Morning Action: There is Only One Way to Reform the Farm Bill
FARM BILL. With Congress back in Washington, lawmakers are once again beginning to discuss the farm bill. Heritage explains the only way to reform the bill is to pass a one year extension of current law, not a compromise bill between bills passed in the House and Senate:
The best option before Congress is a new extension of the 2008 farm bill. The existing farm bills passed by the House and Senate are flawed, so a compromise with these bills would only lead to bad policy for the American people.
Extending the existing law would give Congress time to identify the best ways to keep the food stamp program and farm programs separated from each other.
Congress just passed a farm bill extension at the start of 2013. Farmers were fine, and the food stamp program continued without missing a beat.
The choice is not between enacting a farm bill and doing nothing. Instead, the choice is between pushing bad policy through Congress and taking some time, by passing an extension, so that sound policy can be developed in a deliberate and transparent manner.
OBAMACARE. Heritage Foundation President Jim DeMint warns that America must stop Obamacare before it becomes hazardous to our health. Here are a few of the reasons he gives to fear Obamacare:
First, many Americans will lose their current health coverage. That’s what’s happening to Rod Coons and Florence Peace, a married couple in Indianapolis. Rod and Florence like their current plan.
Second, many Americans will lose access to physicians they trust. The Wall Street Journal recently highlighted the case of John Nowak, who faces a dilemma when he chooses an insurance plan on ObamaCare’s Exchanges this fall. He “will be able to pick a [revised, ObamaCare-compliant] plan from his current insurer—or go for one that includes his primary-care doctor.”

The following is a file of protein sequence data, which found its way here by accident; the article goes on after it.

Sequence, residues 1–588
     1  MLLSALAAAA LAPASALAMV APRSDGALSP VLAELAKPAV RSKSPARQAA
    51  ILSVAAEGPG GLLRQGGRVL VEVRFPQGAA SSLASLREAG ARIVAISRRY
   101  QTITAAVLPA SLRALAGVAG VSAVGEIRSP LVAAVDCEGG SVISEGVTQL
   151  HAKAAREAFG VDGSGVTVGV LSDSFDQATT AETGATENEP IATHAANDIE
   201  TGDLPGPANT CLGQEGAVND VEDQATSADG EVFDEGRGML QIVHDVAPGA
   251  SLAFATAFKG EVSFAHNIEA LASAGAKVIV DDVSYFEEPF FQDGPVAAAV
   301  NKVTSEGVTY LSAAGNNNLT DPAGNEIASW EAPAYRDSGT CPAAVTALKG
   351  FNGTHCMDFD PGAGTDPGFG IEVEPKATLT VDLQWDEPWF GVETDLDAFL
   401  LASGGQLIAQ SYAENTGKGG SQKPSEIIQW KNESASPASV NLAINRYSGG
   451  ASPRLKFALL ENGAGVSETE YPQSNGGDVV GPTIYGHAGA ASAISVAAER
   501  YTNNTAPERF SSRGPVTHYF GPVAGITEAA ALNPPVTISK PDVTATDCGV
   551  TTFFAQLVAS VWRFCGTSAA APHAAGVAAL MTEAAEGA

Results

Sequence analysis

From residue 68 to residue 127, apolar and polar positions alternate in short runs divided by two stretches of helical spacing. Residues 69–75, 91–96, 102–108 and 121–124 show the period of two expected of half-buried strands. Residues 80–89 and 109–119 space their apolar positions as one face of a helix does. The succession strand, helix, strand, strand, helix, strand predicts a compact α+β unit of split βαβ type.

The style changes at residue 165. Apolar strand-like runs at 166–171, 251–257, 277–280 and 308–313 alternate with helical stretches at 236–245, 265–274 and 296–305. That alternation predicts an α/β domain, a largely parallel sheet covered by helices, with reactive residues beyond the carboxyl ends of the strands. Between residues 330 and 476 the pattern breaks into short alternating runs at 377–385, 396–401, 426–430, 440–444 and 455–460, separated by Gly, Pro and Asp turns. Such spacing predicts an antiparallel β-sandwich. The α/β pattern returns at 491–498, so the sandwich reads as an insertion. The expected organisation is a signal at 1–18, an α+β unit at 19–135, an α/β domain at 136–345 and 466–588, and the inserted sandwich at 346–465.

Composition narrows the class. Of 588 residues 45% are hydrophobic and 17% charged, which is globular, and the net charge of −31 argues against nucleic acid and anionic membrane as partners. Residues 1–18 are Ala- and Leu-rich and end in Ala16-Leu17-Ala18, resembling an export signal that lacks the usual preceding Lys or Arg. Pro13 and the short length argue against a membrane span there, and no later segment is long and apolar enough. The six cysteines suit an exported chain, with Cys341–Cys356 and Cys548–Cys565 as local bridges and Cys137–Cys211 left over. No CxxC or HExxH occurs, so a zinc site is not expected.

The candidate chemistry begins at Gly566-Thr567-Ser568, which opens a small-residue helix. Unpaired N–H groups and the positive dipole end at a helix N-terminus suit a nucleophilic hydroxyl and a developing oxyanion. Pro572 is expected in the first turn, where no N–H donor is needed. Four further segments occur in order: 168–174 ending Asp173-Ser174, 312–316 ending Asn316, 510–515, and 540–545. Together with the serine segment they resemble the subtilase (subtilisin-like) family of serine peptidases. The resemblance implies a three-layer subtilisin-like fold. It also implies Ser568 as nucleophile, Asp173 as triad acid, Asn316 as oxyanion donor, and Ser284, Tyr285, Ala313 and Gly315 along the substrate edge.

Third, ObamaCare places bureaucrats between doctors and patients. The law imposes new penalties on doctors who do “not satisfactorily submit data” that meet Washington bureaucrats’ standards.
UNIONS. Unions may issue formal criticism of Obamacare at the AFL-CIO convention:
The AFL-CIO Executive Council is expected to consider a resolution, subject to fierce internal debate, that will call for changes to the Affordable Care Act (ACA) — setting up a potential floor vote this Wednesday before the convention closes. Frustration has grown within labor as the Obama administration has failed to offer a fix to temper union worries over the law.
A copy of the draft resolution, obtained by The Hill, praises aspects of ObamaCare and states that the AFL-CIO supports the law’s goal of providing healthcare coverage for all. But the four-page document lays out a laundry list of complaints against ObamaCare — at times taking aim at the administration.
SEAWORLD. SeaWorld is reducing the hours of thousands of part time workers so they will not have to comply with costly Obamacare mandates:
SeaWorld Entertainment Inc. is reducing hours for thousands of part-time workers, a move that would allow the Orlando-based theme-park owner to avoid offering those employees medical insurance under the federal government’s health-care overhaul.
SeaWorld confirmed the move Monday in a brief written statement to the Orlando Sentinel. The company operates 11 theme parks across the United States and has about 22,000 employees — nearly 18,000 of whom are part-time or seasonal workers. It has more than 4,000 part-time and seasonal workers in Central Florida.
Under a new corporate policy, SeaWorld will schedule part-time workers for no more than 28 hours a week, down from a previous limit of 32 hours a week. The new cap is expected to go into effect by November.
With the reduced hours, those employees would not be classified as full-time workers under the Affordable Care Act, the health-care overhaul championed by PresidentBarack Obama and signed into law in 2010.
SYRIA. Syria says it accepted Russia’s proposal to place its chemical weapons under international control for subsequent dismantling:
Syrian Foreign Minister Walid al-Moallem said Tuesday after meeting with Russian parliament speaker that his government quickly “agreed to the Russian initiative.”
Al-Moallem added that Syria did so to “uproot U.S. aggression.”
His statement sounded more definitive than his remarks Monday, when he said that Damascus welcomed Russia’s initiative.